Last week, the Aid & International Development Forum issued a release on global infrastructure, stating that it is a pressing issue, with “$26 trillion required by 2030 to resolve Asia’s infrastructure funding gap. Another $800 billion is necessary to provide 1.5 billion people in the region with access to safe drinking water and sanitation.”
“To keep pace with the rapid growth of economies, population and urbanisation, Southeast Asia needs to invest $16 trillion in transport, energy, telecommunications, water and sanitation. This is more than 60 per cent share of the global investment required.”
The global gaps in telelcommunications, connectivity, and access to technology makes involving beneficiaries in communications that leverage technology a challenge. If access is not widely and uniformly available, segments of the population are left behind in this conversation and are unequally able to participate.
The Forum cites that Myanmar was the “3rd least penetrated mobile market in the world in 2012, yet a low cost SIM card was introduced to make mobile communication more accessible.” Still as of 2016, it states that one third of Burmese hadn’t ever used a mobile phone. Without financial access to this technology, mobile phone use is limited to employed workers and women are left largely “expelled from the mobile revolution.”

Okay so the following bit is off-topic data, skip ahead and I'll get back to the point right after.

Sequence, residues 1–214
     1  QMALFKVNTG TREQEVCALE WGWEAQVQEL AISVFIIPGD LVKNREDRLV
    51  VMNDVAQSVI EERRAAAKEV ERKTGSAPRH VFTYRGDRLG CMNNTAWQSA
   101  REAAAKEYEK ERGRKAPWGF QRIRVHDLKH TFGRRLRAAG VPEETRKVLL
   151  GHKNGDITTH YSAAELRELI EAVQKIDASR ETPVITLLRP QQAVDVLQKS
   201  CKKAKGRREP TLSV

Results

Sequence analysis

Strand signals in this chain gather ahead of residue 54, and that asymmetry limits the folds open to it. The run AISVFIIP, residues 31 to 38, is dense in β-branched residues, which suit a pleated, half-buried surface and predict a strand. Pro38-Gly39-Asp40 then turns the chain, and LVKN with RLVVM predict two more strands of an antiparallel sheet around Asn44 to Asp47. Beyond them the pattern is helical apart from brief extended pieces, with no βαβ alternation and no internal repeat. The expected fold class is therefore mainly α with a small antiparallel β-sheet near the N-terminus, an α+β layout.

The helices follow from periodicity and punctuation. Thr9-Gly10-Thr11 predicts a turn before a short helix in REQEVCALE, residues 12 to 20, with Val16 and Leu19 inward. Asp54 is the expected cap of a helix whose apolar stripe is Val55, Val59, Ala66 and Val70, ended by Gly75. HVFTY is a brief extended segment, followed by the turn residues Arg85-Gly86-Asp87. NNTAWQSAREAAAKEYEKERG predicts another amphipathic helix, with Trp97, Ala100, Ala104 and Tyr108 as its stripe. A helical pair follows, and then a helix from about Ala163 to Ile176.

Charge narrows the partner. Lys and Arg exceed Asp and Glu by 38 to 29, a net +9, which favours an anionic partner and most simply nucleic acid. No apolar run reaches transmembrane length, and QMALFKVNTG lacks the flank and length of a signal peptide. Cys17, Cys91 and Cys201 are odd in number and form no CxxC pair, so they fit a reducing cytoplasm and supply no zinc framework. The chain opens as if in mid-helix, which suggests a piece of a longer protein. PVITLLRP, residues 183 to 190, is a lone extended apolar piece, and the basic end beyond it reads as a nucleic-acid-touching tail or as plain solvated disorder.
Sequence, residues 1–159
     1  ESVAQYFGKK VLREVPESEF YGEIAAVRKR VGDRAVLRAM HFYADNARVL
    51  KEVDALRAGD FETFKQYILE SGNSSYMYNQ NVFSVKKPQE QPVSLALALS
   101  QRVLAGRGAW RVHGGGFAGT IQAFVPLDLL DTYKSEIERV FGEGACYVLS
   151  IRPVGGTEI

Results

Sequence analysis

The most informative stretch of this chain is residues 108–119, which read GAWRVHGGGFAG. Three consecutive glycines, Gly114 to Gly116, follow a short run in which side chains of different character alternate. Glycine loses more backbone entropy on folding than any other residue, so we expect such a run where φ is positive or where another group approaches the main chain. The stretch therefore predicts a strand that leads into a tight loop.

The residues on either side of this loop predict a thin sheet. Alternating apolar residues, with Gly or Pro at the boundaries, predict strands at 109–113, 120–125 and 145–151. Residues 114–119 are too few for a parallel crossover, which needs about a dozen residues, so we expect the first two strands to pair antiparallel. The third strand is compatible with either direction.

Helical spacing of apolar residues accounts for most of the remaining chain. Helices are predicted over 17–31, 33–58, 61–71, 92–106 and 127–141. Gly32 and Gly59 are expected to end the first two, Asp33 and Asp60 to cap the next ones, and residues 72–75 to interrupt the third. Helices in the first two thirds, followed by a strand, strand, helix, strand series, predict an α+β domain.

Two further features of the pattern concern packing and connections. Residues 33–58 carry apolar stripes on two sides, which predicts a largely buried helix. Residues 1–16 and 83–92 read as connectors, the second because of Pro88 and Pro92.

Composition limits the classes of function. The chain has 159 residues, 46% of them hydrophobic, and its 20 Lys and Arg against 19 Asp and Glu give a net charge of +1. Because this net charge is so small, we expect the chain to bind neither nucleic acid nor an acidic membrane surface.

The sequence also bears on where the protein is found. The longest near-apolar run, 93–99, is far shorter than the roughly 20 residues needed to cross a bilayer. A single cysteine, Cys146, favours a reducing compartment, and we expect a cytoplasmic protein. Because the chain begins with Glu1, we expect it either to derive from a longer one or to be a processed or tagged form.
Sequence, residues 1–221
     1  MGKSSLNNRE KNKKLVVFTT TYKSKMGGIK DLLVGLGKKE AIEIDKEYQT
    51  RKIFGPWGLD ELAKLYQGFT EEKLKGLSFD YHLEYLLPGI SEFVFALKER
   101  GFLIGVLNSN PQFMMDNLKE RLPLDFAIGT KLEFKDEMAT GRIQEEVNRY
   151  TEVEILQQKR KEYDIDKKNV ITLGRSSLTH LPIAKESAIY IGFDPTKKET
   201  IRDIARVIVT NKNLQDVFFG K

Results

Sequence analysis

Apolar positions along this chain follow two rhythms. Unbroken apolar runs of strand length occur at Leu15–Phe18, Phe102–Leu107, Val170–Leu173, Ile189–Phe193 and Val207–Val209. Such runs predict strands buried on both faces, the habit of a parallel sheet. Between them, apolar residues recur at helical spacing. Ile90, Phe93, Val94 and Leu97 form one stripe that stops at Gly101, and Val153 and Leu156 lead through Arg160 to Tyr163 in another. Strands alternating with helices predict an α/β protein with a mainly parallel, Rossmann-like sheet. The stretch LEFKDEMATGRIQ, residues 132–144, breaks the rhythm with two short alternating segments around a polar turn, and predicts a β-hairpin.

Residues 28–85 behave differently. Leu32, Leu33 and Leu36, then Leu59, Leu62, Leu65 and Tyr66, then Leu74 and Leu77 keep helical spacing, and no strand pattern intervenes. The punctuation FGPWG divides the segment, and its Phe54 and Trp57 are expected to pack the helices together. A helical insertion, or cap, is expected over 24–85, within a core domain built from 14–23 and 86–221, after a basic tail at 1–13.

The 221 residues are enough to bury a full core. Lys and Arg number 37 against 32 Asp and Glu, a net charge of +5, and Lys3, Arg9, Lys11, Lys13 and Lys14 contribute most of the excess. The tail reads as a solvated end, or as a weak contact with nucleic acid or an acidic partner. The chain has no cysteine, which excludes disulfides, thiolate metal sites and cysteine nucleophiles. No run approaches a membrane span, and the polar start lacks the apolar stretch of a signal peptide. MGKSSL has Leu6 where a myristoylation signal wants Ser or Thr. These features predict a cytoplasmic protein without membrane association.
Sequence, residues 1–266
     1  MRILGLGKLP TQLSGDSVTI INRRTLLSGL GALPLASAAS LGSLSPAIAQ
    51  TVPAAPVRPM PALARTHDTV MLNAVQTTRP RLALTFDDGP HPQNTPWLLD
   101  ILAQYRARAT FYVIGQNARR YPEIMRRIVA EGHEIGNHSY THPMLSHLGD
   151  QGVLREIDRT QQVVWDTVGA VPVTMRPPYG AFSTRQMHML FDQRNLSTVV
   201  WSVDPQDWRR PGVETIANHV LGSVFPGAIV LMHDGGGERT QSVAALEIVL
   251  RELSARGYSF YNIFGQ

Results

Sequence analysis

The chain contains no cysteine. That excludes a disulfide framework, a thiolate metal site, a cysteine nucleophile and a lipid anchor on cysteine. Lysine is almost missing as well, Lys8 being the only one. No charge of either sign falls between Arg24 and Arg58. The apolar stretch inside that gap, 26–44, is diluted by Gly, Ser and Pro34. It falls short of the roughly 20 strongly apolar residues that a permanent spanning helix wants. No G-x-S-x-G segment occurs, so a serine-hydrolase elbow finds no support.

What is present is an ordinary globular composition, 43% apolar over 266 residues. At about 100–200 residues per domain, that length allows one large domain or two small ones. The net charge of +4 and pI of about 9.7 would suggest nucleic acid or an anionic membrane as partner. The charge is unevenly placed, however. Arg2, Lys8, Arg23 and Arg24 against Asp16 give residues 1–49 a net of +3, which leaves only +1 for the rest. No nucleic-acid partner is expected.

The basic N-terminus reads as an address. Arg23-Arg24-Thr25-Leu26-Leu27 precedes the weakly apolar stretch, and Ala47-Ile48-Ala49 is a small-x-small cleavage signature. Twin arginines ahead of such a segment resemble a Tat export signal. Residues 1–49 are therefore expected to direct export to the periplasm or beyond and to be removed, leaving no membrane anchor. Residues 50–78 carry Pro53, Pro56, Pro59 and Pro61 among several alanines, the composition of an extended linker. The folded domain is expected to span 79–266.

Across Southeast Asia, access varies greatly. In Thailand, where I live, more than half of the population is found to be using the internet. Cambodia leads the pack with 133.6 phones per one hundred people. Apart from limited access to this technology, it is cited that in Myanmar, internet penetration is as low as nine percent – but many don’t want to use the internet because of a negative perception of it.
“Data service users have limited digital skills and, as a result, a limited understanding of what the ‘internet’ is”, states the report. Their usage is often limited to mainly social media and calling apps. There is also a lack of cultural relevance encouraging people to access the internet, as many still do not use it.
As development professionals, as we are called upon to utilize new media and engage our audiences in new ways that appeal to our funders, we must be reminded to listen to our stakeholders, and speak to them where they can be reached.
Infrastructure resilience & ICT development in Southeast Asia. Aid and International Development Forum. 16 March 2017. http://www.eco-business.com/press-releases/infrastructure-resilience-ict-development-in-southeast-asia/.